The History of Dog Collars
It is difficult to say who the first person was to tie a rope around a dog’s neck and attempt to lead him like a horse or a camel. However, DNA analysis has proved that the first domesticated dog breeds already accompanied European hunters 32 000 years ago.
Naturally, these dogs were bred from wolves. A Scandinavian legend has it that wolf packs chased after groups of hunters to feast on the food scraps left by the men. And, in return for the food, the wolves protected the hunters by their advance warning howls of approaching danger, e.g. in the form of a hungry bear.
We will never know whether this legend is true. However, the truth is that man has always liked to be surrounded by loyal dogs. One of the first illustrations of a master with his dog on a lead dates back to 4 500 years before Christ, on mosaics which were found in Pompei, Italy.
In Ancient Egypt, dogs were a part of the Pharaoh’s security. As a symbol of importance, their necks were adorned with brass collars decorated with precious gems. Some Pharaohs respected their dogs so much that they had them mummified and buried together with them. In Greece during the same epoch, by contrast, dogs served as watchdogs for herds of cattle or horses. It was precisely Greek farmers who first made barbed collars for their dogs to protect the sensitive dogs’ throats in battles with wolves.
The Renaissance had a major influence on the human perception of the dog. Many pet dogs began to have a sovereign status in their families (even in royal families). The dog of King Louis XI wore a real item of jewellery around his neck - a gold-plated collar decorated with rubies. Leads were traditionally held in the left hand at that time, because the right hand was intended to hold a weapon. English Bandogs were kept on a lead all day long, in order to enjoy free movement during the night while guarding their masters’ property.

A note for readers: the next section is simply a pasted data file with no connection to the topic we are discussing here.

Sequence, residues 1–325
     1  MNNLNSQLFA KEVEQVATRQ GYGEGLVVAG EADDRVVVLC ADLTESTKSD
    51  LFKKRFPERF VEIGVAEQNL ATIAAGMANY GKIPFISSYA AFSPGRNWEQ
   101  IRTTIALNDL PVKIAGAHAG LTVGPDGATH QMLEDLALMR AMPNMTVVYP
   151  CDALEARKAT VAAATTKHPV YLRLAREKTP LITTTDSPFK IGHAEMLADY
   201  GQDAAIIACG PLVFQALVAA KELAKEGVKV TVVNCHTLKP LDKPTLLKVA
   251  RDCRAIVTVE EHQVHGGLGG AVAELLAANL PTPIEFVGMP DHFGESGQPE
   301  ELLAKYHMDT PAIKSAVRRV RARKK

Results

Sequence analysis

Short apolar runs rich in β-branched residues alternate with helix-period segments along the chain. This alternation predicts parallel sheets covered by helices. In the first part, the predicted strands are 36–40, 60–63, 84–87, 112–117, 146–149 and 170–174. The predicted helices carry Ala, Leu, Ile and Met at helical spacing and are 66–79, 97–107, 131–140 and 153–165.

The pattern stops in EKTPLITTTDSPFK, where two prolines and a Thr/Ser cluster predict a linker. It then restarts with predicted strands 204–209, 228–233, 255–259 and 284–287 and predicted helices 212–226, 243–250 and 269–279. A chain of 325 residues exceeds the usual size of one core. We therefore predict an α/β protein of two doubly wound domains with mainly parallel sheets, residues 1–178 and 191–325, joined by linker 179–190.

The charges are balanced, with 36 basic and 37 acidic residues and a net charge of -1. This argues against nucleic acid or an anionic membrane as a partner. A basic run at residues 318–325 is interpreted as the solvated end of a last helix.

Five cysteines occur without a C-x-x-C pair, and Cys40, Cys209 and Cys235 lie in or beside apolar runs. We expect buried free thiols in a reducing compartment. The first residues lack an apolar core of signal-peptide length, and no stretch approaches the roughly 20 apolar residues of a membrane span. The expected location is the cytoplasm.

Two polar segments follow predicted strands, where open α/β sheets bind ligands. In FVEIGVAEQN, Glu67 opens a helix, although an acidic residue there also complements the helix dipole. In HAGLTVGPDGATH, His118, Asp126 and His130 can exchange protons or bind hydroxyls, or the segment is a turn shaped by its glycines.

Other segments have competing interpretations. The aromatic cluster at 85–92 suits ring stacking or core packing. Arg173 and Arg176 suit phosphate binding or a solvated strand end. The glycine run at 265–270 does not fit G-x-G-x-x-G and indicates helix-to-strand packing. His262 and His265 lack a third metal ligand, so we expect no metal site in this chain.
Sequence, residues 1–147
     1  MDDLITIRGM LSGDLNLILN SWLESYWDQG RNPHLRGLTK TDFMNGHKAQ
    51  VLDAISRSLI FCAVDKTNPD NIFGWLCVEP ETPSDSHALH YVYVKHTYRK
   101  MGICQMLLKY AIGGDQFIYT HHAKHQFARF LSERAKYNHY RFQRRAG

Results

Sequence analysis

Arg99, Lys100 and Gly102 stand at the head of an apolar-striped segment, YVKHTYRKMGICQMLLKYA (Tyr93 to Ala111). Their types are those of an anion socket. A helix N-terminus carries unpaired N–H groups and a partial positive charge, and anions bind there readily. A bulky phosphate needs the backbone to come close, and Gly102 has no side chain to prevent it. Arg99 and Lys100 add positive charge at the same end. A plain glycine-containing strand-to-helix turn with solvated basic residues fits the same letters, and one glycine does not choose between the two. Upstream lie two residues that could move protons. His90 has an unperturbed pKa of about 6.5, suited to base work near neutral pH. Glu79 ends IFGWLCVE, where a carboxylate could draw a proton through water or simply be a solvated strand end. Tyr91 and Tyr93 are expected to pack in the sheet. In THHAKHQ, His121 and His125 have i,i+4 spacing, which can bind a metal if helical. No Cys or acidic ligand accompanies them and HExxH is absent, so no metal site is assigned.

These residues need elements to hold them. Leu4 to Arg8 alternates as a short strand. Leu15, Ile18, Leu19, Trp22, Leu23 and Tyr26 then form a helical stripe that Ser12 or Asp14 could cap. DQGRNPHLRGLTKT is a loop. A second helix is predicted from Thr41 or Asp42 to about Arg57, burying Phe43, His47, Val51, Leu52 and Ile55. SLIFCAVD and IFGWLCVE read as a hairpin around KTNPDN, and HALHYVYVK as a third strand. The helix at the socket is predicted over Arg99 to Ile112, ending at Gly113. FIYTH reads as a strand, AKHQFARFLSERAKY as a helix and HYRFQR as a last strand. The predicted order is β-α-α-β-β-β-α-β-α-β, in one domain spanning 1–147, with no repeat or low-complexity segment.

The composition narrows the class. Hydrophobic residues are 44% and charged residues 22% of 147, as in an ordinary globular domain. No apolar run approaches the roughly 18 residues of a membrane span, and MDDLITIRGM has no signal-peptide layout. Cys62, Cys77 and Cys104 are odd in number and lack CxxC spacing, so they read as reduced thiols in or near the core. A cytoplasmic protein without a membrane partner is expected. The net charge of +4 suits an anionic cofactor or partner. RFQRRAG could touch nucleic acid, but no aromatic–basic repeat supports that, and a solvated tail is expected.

With the onset of industrialisation, it became common for a dog to have a small padlock on the collar. The real owner was proved by being able to unlock the padlock. Popular metal dog tags, bearing the names of the dog and master, also became popular.
In the 19th century, some races continued to be bred mainly for hunting foxes, ducks and other game. On the other hand, from childhood, girls, ladies and wives kept selected breeds, such as the Italian Greyhound. These dogs were their fashionable accessories and loyal friends. Leads and collars were decorated with lace, embroidery, or hand-painted.
Currently, the Flexi self-winding leash is popular for walking a dog, the wooden prototype of which was made in 1972. It is still manufactured in Germany, which annually exports millions of these items worldwide. And it is no wonder! The dog is the world's third most popular pet. Can you guess which two animals stole the dog's top position? Second place is occupied by the cat – and the most popular ... the fish swimming in family aquariums.
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From the Slade Czech Saddlers' Workshop